Meeting the highest standards

17 March 2023
ITC News

Series of training helps improve standards related to greenhouse gases in Malaysia

Ainaa Kamila Rosli is a senior assistant director in the accreditation division of the Department of Standards Malaysia (DSM).

Her division focuses on development and maintenance of new schemes and programmes under the scheme accreditation and certification bodies.  

Malaysia’s Department of Standards will re-evaluate existing schemes every five years and is keeping abreast with international schemes to ensure Malaysia’s ISO standards for all industries are up to par with the rest of the world so that the international standards on quality management and quality assurance are met.

“I look for new schemes of programme, evaluate and update the existing schemes. The reason for this is to upgrade the competency of auditors and Malaysia’s companies,” Ainaa says.  

She believes that Malaysia could benefit from improving its standards related to Green House Gases (GHG) so that the country could catch up on pricing carbon border adjustment mechanism after standardization.

As the Ministry of International Trade and Industry (MITI) is looking into carbon border adjustment mechanism to set the carbon price in Malaysia, together with DSM , it began working with the European Union funded ARISE Plus Malaysia project to support the verification and validation process of standards related to GHG, aligned with the EU Green Deal.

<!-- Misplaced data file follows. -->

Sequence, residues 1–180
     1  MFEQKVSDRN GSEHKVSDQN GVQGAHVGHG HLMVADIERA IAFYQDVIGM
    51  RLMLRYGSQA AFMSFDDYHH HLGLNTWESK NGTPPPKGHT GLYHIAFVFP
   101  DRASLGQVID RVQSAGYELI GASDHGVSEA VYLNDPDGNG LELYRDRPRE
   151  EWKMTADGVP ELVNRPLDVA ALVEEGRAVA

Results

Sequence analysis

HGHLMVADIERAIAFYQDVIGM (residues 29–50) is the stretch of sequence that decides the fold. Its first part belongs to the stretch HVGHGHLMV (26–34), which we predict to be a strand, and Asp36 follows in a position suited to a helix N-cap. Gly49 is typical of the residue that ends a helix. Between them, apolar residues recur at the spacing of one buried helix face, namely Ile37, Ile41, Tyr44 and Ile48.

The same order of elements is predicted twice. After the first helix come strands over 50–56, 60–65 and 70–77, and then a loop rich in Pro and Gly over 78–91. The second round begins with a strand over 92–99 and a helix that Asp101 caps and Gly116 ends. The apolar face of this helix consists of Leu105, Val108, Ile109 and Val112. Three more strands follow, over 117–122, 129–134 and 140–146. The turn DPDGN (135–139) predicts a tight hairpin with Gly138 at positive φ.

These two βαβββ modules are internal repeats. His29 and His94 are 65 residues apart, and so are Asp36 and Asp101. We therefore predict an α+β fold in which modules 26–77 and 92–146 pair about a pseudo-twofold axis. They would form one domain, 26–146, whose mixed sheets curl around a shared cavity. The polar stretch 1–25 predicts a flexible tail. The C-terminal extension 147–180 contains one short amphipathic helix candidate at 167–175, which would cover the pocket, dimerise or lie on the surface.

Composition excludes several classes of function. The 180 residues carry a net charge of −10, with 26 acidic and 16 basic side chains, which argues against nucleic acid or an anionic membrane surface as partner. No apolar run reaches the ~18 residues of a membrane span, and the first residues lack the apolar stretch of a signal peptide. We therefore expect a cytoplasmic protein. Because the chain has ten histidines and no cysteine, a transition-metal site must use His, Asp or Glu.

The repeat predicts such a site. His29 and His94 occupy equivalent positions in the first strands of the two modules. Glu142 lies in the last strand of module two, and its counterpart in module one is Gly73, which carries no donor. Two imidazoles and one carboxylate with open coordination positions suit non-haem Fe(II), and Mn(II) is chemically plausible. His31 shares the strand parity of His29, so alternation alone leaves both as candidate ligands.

Recognizing the implementation process in the country as one of the biggest challenges for DSM, Ainaa worked out three different phases with the project to help expand Malaysia’s GHG landscape.  

Together with the project, Ainaa organized three phases of trainings.

The first series of training was instrumental in creating awareness and stimulating engagement amongst regulators, relevant ministries and agencies that involved with matters related to GHG.

“We wanted to know if relevant parties were aware of DSM involvement in GHG standards. We invited government linked companies such as Bursa, as they have new initiative on trading carbon exchange market in Malaysia,” Alina says explaining the benefits of the training.

About 40 participants attended the 2nd workshop that provided technical training on the main standards used by verification and validation bodies for GHG.

Alina was thrilled by the feedback of the participants.

“All wanted to be certified on the standards in Malaysia as it is one of the important aspects of assessing the competency of every verification and validation personnel. Participants will be considered qualified auditors after our training.” 

The objective of phase 3 is to accredit the first verification and validation body by this year. 

“By doing so, Malaysia will be one step closer to have their own GHG standards,” Alina notes.


About the project
The ARISE Plus Malaysia project supports inclusive and sustainable economic growth in the country through enhancing sustainable business and investment environments, improving product quality and competitiveness, as well as enhancing sustainable and internationally quality-compliant practices in the agri-food sector.

The three-year project is funded by the European Union and is a part of its national and regional ARISE Plus projects to support greater connectivity and economic integration in ASEAN. The project is implemented in partnership with the Ministry of International Trade and Industry.